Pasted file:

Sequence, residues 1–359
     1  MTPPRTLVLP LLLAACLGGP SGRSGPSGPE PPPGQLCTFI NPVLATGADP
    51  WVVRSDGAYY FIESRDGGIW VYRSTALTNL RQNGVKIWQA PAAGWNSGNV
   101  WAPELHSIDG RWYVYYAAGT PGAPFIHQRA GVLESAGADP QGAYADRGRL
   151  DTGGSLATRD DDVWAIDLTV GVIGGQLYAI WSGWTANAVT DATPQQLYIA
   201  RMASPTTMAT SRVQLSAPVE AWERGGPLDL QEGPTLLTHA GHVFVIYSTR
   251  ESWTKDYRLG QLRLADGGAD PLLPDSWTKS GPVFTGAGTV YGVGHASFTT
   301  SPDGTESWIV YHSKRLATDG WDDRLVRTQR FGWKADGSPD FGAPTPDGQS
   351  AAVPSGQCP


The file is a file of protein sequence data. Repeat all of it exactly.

Sequence, residues 1–359
     1  MTPPRTLVLP LLLAACLGGP SGRSGPSGPE PPPGQLCTFI NPVLATGADP
    51  WVVRSDGAYY FIESRDGGIW VYRSTALTNL RQNGVKIWQA PAAGWNSGNV
   101  WAPELHSIDG RWYVYYAAGT PGAPFIHQRA GVLESAGADP QGAYADRGRL
   151  DTGGSLATRD DDVWAIDLTV GVIGGQLYAI WSGWTANAVT DATPQQLYIA
   201  RMASPTTMAT SRVQLSAPVE AWERGGPLDL QEGPTLLTHA GHVFVIYSTR
   251  ESWTKDYRLG QLRLADGGAD PLLPDSWTKS GPVFTGAGTV YGVGHASFTT
   301  SPDGTESWIV YHSKRLATDG WDDRLVRTQR FGWKADGSPD FGAPTPDGQS
   351  AAVPSGQCP